I'm really not describing very well how much Death's voice added to this book and how much I enjoyed it. The story is told to us in a very basic, factual fashion, but then every few pages, Death inserts his own commentary. He tells us what the characters are really thinking, and why various events are significant. Anecdotes about what his job is like. The book often reads like poetry thanks to Death's unique voice.

Should I read it? An unequivocal yes. I usually avoid Holocaust literature like the plague due to the heavy subject, but this book managed to keep me absolutely glued to the pages.


Renay said...

Oh gosh! I love this book. I'm so glad you did, too! And Death's voice! Sounds like we are full of hearts for this title for a lot of the same reasons.

How did you find the end when Liesel meets...well, you know. I bawled like a baby! NO SHAME HERE.

Anonymous said...

I'm really glad that you enjoyed this book as much as I did. The voice of Death really does give a different perspective on the story. I would second your must read, it's one that shouldn't be missed.

Nymeth said...

I see what you mean about Slaughterhouse Five! I actually hadn't thought of that before. I'm so glad you loved this too.

Anonymous said...

oh...I loved loved loved this book. I like how you explain the comparison to Slaughterhouse five. Death as a narrator gave a very unique feel to this book.

I have so many fav sentences from this book, but this one is by far one of the best.
"She was the book thief without the words. Trust me, though, the words were on their way, and when they arrived, Liesel would hold them in her hands like the clouds, and she would wring them out like rain."

Oh said...

Well. I wouldn't have considered this one. But your account of the narrator is intriguing. and the not-being-able-to-put-it-down also gets my attention. So thank you for this review...seems there are so many "thief" books but my favorite genre if you can call it that, is character studies and you mention this as being one. Excellent!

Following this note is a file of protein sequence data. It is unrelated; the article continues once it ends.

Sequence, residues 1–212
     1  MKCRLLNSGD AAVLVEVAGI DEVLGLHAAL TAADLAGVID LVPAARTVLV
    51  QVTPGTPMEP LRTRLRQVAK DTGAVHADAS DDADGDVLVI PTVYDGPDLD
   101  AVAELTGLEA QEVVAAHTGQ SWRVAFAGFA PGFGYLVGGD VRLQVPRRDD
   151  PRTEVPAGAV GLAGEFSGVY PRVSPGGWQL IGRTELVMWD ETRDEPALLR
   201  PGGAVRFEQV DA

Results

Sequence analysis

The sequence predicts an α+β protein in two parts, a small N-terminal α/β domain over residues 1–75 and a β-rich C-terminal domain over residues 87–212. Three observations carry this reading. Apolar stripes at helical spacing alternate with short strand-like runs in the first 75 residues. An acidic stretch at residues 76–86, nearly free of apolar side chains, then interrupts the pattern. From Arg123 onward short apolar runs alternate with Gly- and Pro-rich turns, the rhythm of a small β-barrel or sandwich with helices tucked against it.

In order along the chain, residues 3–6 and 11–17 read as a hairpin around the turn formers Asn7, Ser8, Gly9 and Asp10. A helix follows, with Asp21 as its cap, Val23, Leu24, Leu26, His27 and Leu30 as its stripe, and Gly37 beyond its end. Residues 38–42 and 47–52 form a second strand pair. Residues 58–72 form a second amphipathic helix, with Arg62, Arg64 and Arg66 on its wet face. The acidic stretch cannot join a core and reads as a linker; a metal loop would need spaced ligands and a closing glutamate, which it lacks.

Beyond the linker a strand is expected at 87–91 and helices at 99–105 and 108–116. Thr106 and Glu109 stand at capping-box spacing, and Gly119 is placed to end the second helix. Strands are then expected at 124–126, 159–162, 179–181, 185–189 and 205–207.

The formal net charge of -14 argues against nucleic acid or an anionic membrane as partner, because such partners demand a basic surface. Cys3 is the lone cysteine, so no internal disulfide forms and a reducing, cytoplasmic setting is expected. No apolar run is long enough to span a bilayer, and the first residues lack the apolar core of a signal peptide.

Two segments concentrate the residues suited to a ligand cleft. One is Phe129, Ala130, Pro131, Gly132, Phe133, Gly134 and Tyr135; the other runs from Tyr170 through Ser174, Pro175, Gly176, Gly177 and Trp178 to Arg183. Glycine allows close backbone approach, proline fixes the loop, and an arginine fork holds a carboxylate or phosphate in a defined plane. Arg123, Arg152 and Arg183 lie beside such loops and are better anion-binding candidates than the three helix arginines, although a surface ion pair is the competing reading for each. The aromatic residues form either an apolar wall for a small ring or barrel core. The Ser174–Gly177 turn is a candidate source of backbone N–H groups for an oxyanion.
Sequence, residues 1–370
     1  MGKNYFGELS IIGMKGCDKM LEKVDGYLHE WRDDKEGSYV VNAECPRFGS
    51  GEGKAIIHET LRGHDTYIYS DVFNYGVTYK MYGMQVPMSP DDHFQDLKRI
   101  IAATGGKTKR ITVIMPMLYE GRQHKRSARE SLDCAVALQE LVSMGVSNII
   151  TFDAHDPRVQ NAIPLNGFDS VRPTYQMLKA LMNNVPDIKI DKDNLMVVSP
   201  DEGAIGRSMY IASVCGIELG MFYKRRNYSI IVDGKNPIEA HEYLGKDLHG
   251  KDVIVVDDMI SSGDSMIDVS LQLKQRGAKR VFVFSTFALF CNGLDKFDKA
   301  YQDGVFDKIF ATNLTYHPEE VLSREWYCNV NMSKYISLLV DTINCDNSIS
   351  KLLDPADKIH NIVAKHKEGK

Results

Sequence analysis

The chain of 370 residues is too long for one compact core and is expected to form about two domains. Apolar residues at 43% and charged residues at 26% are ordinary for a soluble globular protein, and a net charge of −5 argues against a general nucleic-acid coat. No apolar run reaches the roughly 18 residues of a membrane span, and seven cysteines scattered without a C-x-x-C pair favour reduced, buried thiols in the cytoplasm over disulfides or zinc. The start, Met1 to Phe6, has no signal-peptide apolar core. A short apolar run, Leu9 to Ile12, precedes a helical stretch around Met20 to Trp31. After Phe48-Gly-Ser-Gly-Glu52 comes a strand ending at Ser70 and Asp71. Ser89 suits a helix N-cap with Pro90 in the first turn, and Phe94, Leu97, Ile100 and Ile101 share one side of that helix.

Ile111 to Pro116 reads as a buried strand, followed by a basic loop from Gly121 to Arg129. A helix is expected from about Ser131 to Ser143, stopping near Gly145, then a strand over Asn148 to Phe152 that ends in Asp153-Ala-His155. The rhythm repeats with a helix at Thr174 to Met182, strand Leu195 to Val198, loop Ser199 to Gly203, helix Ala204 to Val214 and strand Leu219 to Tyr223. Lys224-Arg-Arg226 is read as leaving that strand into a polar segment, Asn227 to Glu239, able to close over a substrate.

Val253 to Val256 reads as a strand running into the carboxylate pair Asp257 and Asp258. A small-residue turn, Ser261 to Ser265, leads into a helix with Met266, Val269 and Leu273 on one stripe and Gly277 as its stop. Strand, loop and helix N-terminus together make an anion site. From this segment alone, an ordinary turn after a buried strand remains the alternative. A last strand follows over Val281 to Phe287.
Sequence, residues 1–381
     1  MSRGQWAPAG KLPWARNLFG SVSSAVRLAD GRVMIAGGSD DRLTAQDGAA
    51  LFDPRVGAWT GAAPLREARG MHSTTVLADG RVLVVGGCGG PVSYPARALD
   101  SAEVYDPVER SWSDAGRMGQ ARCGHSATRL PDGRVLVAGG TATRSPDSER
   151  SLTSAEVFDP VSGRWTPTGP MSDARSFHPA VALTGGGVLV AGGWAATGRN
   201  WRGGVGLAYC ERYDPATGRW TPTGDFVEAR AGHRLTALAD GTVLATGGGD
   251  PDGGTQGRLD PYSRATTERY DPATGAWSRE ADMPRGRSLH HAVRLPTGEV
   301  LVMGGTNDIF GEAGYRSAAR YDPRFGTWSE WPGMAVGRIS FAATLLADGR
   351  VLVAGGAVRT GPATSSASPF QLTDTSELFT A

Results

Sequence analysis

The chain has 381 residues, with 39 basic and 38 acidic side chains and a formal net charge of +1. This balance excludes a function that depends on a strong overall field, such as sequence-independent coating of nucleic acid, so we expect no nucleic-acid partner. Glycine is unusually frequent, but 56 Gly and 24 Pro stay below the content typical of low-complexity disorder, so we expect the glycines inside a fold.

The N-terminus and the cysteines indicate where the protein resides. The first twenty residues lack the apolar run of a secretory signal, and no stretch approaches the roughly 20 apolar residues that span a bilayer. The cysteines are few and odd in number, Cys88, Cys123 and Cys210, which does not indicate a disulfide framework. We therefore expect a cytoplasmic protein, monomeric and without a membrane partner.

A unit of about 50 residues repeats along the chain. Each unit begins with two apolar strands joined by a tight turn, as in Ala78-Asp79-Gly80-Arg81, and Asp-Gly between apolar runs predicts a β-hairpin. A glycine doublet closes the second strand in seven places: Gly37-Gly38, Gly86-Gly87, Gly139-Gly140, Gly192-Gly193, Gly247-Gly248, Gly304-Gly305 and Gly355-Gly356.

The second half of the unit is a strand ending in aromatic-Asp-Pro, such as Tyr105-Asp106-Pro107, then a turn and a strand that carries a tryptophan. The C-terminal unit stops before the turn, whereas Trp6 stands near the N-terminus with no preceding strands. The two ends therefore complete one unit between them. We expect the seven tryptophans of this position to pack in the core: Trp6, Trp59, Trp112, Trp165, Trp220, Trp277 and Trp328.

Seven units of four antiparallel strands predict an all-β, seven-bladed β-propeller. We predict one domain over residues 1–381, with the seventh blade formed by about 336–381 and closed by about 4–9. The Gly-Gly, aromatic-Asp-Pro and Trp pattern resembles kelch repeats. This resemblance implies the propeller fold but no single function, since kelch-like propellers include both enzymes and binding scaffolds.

Joanne said...

Such a great review! I really enjoyed this book more than I had expected to, and I was so surprised at my reaction to the character of Death. I found myself feeling emotionally struck by how sad his existence must be, thinking of how he watches these people from a distance, and must keep himself from becoming attached in any manner. It felt weird but somehow right to sympathize with Death, but I think he was being as good a guy as he could, despite of, or maybe because of, what he was.

Trish said...

Wasn't this such a powerful book? I see that you read it for your book club and I wish that half my members hadn't already read it so that we could read it together. :) Man, you've got me wanting to re-read it NOW! And I loved Death's voice also--really made the story for me.

Alice Teh said...

This is a powerful book and as you've said, one that had me glued to the pages until the end. I'm glad you reviewed it. Thanks!

Andrea said...

I love this book and this is a great review! It's hard to sum up and describe the heart of the book, but you've done a great job of doing that!

Stephanie said...

I've been wanting to read this one for ages but have yet to get to it!! My bad!

Rhinoa said...

I just read this as well and seem to be the only person in the world who hasn't fallen in love with it.